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Gilding metal (6381 views - Material Database)

Gilding metal is a copper alloy, a brass, comprising 95% copper and 5% zinc. British Army Dress Regulations define gilding metal as '8 parts copper to 1 of zinc'. Gilding metal is used for various purposes, including the jackets of bullets, driving bands on some artillery shells, as well as enameled badges and other jewellery. The sheet is widely used for craft metalworking by hammer working. It is also used particularly as a lower-cost training material for silversmiths. Gilding metal may be annealed by heating to between 800–1,450 °F (427–788 °C). It should be cooled slowly afterwards, to reduce risk of cracking.
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Gilding metal

Gilding metal

Gilding metal is a copper alloy, a brass, comprising 95% copper and 5% zinc.[1] British Army Dress Regulations define gilding metal as '8 parts copper to 1 of zinc'.[2]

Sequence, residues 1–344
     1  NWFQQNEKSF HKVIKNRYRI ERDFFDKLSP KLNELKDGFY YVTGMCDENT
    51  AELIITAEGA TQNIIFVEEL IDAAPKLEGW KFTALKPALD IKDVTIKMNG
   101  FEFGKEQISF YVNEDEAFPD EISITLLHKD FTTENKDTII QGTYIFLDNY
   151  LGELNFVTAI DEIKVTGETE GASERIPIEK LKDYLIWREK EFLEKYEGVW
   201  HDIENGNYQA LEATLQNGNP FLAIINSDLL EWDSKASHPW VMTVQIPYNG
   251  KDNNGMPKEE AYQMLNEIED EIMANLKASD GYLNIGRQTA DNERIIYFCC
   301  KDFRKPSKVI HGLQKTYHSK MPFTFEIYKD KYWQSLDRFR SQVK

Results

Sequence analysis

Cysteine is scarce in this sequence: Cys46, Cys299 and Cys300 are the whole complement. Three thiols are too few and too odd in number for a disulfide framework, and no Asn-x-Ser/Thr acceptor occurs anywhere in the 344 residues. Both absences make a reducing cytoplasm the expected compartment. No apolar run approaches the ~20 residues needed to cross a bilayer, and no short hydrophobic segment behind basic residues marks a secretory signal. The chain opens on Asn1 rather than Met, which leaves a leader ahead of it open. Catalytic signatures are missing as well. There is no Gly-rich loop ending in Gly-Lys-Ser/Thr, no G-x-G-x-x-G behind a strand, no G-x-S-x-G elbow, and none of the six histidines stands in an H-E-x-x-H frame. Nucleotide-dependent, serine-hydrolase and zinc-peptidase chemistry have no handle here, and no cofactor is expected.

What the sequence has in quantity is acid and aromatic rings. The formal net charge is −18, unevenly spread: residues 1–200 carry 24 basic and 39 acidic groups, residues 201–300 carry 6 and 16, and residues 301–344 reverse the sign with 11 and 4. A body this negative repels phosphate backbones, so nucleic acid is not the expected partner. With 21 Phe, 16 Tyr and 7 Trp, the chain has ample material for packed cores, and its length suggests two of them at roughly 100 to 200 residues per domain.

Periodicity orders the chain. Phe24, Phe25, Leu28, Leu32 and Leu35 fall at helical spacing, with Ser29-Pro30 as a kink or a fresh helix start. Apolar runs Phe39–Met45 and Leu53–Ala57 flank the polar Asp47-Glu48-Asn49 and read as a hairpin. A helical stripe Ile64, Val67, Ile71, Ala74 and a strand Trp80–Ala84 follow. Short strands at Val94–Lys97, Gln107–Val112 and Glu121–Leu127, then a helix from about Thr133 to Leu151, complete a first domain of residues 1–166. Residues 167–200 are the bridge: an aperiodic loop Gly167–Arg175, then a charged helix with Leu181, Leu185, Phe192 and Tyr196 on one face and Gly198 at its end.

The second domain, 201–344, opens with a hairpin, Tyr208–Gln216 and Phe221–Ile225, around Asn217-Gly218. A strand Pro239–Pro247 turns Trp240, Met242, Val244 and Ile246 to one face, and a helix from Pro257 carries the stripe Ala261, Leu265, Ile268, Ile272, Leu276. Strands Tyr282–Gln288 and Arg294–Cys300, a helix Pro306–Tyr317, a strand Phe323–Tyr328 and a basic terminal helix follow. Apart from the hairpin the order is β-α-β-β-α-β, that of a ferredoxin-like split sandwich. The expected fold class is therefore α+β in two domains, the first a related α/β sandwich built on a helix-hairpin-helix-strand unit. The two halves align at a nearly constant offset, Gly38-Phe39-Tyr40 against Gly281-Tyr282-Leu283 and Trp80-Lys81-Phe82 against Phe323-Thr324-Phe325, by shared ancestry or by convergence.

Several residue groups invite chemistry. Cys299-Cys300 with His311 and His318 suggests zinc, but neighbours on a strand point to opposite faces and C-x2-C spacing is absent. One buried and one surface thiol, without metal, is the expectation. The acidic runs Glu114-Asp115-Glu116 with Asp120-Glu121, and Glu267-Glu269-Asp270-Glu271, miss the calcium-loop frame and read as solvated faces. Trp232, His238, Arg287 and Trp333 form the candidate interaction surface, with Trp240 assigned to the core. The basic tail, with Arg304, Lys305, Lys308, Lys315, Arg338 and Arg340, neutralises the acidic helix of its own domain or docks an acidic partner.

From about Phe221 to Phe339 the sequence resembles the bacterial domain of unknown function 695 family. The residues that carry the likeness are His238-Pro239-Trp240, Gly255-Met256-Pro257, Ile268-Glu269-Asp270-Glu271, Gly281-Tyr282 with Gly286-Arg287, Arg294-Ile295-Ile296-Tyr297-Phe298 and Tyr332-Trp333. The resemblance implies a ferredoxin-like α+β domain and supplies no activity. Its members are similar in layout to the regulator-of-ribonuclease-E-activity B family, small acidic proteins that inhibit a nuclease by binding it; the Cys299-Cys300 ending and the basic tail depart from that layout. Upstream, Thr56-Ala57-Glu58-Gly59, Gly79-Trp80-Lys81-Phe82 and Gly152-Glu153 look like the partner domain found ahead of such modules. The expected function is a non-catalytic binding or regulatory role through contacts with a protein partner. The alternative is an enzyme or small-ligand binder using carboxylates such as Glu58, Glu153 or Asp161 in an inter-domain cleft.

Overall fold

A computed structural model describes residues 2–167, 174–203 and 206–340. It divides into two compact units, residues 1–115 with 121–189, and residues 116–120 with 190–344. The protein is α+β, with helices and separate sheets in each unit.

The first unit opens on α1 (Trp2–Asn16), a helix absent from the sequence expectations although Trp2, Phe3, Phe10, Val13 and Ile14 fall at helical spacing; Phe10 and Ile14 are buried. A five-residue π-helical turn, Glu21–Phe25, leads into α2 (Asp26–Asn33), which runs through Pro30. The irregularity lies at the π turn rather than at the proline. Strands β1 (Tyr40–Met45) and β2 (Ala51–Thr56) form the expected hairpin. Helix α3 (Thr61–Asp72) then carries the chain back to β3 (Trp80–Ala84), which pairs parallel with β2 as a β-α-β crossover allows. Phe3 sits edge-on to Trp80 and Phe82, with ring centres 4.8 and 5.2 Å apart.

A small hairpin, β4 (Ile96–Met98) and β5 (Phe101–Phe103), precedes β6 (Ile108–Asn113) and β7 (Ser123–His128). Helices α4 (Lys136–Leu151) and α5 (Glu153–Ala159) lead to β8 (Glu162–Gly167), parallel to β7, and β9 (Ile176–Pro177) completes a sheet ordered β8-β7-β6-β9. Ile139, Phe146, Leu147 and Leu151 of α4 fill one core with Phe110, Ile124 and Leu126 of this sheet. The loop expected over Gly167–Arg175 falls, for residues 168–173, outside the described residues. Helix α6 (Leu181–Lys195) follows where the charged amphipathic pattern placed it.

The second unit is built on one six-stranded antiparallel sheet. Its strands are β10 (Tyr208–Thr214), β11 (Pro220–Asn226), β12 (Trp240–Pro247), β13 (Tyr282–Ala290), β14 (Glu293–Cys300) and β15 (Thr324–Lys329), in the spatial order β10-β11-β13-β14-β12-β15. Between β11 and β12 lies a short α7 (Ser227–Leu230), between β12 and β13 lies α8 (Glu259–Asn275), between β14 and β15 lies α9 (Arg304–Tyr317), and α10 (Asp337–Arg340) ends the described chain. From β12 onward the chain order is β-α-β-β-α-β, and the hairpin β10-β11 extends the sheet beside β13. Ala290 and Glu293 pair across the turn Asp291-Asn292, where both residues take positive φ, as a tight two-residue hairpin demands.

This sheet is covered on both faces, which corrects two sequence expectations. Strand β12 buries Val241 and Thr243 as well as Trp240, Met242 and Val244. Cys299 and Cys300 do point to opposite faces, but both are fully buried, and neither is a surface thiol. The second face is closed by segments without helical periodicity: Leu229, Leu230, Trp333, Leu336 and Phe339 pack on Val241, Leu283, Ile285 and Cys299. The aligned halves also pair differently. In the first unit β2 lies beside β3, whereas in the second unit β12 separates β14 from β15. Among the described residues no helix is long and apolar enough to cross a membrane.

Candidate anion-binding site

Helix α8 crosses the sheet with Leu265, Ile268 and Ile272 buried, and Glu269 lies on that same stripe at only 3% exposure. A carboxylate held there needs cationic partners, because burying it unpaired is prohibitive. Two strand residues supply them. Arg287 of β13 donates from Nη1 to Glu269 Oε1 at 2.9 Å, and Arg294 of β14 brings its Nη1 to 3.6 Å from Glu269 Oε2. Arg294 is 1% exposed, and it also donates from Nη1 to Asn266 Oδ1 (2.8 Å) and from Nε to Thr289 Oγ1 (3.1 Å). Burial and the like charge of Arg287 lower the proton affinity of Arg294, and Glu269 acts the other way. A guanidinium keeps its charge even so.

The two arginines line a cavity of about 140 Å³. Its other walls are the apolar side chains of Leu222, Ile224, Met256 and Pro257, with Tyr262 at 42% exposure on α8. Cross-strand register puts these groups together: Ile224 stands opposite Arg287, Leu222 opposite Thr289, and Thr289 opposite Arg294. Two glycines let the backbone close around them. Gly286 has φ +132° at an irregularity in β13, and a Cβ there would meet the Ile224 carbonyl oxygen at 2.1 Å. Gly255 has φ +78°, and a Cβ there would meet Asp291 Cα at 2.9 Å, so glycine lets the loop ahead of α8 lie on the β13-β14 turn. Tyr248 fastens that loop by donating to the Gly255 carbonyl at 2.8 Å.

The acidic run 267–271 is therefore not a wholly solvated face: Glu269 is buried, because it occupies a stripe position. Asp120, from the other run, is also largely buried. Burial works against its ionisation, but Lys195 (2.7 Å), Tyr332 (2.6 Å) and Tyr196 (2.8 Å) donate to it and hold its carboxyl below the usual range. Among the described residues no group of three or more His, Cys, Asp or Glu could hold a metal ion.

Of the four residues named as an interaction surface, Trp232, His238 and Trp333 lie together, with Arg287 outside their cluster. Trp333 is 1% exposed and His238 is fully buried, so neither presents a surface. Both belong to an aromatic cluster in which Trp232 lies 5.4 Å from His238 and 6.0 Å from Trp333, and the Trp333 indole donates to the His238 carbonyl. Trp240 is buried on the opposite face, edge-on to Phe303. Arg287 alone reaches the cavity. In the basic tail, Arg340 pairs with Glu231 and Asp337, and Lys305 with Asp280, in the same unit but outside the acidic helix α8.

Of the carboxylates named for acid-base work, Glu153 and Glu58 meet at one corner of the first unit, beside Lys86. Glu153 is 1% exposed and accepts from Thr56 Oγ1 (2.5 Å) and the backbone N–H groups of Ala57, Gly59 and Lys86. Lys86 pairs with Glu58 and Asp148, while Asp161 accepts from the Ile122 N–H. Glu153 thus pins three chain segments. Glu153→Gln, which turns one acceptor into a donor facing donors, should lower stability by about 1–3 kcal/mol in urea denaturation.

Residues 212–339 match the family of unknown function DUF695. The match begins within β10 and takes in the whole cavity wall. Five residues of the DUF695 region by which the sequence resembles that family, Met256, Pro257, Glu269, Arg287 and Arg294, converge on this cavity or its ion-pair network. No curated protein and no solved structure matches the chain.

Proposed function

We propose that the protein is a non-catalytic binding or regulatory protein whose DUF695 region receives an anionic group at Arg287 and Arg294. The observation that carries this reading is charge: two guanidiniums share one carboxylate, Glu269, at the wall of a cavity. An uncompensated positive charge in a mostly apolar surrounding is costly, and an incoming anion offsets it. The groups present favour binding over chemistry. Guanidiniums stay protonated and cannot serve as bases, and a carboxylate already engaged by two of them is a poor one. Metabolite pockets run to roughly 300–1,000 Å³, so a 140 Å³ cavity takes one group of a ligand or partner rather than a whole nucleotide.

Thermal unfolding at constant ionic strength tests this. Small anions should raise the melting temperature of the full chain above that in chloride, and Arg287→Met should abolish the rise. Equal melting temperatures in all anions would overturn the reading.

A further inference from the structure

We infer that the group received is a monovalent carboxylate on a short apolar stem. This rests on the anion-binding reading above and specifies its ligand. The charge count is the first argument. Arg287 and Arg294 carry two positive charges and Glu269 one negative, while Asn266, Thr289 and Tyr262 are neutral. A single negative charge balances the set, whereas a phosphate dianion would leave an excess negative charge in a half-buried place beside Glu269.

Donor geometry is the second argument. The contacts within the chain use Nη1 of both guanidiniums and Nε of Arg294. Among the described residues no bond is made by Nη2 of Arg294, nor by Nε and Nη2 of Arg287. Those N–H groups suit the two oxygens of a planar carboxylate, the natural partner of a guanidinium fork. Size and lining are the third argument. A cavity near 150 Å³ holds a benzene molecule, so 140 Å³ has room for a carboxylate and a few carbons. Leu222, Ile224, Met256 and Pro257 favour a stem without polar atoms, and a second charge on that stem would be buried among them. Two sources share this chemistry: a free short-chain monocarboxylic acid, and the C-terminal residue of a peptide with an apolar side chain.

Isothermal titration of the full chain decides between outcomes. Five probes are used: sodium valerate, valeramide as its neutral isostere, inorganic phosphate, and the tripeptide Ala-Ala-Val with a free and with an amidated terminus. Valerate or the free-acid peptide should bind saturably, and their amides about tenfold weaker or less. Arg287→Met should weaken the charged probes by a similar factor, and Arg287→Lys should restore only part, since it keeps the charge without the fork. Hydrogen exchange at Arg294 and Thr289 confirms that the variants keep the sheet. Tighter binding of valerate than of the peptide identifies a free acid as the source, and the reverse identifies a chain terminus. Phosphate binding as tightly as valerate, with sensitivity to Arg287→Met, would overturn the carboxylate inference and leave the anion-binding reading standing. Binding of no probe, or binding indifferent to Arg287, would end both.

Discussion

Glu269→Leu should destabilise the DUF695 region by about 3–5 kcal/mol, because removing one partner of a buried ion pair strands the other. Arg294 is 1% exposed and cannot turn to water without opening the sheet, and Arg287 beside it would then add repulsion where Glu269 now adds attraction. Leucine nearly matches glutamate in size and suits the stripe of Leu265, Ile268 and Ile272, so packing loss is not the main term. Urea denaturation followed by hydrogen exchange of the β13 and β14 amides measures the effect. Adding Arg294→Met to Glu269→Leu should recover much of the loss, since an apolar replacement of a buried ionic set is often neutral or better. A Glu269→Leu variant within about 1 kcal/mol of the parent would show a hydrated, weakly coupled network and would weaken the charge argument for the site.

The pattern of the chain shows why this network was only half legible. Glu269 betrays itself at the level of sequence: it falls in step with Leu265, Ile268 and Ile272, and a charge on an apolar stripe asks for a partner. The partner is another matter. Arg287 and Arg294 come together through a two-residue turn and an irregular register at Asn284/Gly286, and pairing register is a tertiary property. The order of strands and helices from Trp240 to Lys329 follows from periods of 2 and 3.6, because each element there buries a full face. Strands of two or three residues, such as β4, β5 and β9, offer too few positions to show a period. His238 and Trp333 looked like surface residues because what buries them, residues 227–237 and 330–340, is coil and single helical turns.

Gilding metal is used for various purposes, including the jackets of bullets, driving bands on some artillery shells,[3] as well as enameled badges and other jewellery. The sheet is widely used for craft metalworking by hammer working.[1] It is also used particularly as a lower-cost training material for silversmiths.

Gilding metal may be annealed by heating to between 800–1,450 °F (427–788 °C).[4] It should be cooled slowly afterwards, to reduce risk of cracking.[5]

  1. ^ a b Untracht, Oppi (1968). Metal Techniques for Craftsmen. p. 18. ISBN 0-7091-0723-4. 
  2. ^ War Office (1904) Dress Regulations for the Officers of the Army (Including the Militia). London: HMSO. p. 4
  3. ^ "105mm Advanced Cannon Artillery Ammunition Program (ACA2P) § 155mm M107". Archived from the original on 7 Mar 2007. 
  4. ^ Untracht, p. 49–50
  5. ^ Untracht, p. 246



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